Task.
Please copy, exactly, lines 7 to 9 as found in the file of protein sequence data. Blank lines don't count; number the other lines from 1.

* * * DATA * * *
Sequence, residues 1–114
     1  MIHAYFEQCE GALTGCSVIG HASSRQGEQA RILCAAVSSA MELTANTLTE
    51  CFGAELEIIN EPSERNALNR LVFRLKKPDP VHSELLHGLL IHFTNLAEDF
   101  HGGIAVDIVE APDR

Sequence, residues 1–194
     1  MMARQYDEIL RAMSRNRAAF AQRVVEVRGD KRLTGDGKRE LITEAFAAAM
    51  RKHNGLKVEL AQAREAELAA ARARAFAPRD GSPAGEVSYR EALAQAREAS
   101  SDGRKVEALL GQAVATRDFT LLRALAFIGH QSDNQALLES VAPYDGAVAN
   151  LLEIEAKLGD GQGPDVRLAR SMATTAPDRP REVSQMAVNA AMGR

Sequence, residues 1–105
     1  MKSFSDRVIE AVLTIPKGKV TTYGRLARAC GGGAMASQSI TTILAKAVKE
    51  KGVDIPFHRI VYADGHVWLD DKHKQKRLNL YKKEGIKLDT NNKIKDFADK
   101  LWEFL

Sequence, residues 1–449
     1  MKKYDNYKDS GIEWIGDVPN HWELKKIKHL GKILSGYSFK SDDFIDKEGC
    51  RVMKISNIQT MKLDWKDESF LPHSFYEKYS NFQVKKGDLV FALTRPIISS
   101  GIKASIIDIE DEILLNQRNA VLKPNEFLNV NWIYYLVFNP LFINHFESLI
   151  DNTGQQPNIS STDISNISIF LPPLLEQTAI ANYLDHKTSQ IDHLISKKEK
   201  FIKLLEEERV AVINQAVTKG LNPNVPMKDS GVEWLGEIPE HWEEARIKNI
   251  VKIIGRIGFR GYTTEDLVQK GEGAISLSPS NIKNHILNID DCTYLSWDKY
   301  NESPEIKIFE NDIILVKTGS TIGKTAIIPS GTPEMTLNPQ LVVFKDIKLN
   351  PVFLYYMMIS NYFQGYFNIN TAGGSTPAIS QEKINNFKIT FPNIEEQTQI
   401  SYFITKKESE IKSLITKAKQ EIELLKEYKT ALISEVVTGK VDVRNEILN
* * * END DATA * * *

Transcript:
    51  RKHNGLKVEL AQAREAELAA ARARAFAPRD GSPAGEVSYR EALAQAREAS
   101  SDGRKVEALL GQAVATRDFT LLRALAFIGH QSDNQALLES VAPYDGAVAN
   151  LLEIEAKLGD GQGPDVRLAR SMATTAPDRP REVSQMAVNA AMGR